VALDOSTA — Georgians voting Nov. 3 will be able to see poll wait times in real time.
A new elections efficiency software named Esri will be used in every county across the Peach State for the presidential election in November.
The Esri system is divided into two programs called "election assistant" (public can view) and "performance dashboard" (for election officials use only), election officials said.
The elections assistant program will provide real-time updates (every 30 minutes or so) on wait times at polling locations across each county.
Once the three weeks of early voting begin prior to Election Day, residents can go to the URL and view a map of the state that can magnify their county and find out how long the wait to vote will be. The URL is not accessible to the public before early voting starts.
“Well, for voters, they can look at either early voting which is up here or their polling place and see what the wait time is and decide when to go," said Deb Cox, Lowndes County supervisor of election. "I mean you can’t beat that. Can’t get any better than that.”
State election officials will monitor wait times and can alert counties where long lines have formed, Cox said.
“It gives you an increased level of accountability for all counties which is a good thing. Everything is totally transparent in public. That’s a positive.”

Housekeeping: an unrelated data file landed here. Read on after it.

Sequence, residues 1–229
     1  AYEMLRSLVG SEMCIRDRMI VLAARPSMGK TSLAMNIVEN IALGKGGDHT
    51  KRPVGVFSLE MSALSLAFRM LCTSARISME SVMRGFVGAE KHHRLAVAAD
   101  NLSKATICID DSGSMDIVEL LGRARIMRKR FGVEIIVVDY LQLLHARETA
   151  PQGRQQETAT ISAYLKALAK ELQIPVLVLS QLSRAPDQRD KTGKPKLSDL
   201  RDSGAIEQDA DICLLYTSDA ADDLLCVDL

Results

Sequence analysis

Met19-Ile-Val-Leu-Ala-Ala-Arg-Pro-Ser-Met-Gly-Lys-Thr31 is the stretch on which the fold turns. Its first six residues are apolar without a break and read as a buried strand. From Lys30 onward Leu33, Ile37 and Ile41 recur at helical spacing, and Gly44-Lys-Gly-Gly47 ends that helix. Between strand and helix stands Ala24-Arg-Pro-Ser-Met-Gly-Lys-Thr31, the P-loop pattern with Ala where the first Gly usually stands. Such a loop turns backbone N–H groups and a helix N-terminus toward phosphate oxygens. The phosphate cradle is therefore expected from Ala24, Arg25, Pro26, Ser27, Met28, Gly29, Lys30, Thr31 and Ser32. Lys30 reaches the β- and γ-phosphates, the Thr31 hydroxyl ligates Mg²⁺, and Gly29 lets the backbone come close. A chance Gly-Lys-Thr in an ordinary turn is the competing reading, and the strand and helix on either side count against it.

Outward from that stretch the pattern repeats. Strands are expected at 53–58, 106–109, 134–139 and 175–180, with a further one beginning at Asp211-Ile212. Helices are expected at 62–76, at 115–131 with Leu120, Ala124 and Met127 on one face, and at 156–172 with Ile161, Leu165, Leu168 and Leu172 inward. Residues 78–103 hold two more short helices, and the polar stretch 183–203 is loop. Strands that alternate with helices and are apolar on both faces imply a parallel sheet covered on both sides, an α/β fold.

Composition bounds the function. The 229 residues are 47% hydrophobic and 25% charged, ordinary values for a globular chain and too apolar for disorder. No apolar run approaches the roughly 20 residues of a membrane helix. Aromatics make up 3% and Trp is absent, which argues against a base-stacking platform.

Elections officials can view and respond to the election assistant map but also can utilize the performance dashboard for updates about issues at polling locations. Once a problem is known, a technician can go to the location and provide repair process updates as they work.
“Most of the time when we have a presidential (election), we only have 10 phone lines here. And those phone lines get filled up, and they start ringing and they don’t stop all day long. We give the poll workers our cellphone numbers as backup but a lot of times, that’s busy, too," Cox said. "So, this will provide a third method of communication in case they need it which is kind of nice. Plus, we’ll be able to monitor the situation over time.”
Cox said she also likes another timesaving feature of the system – technicians can be alerted by the system itself and sent to polling locations to fix problems, even before elections officials know there’s an issue. More time for elections officials should mean more efficient elections in theory.
The theory has held up so far. Lowndes County was one of the four counties to test Esri's software earlier this year.
“We tested it. It worked beautifully,” she said. “I mean no hiccups or anything, but it was only in four counties.”
And if both programs fail? Well, the election would proceed the same way as past elections.
The way Cox sees it, these new programs can only improve the way elections are held throughout the county and the state.
“How can it not be (helpful)?” she said. “More information is always better. Transparency is always better.”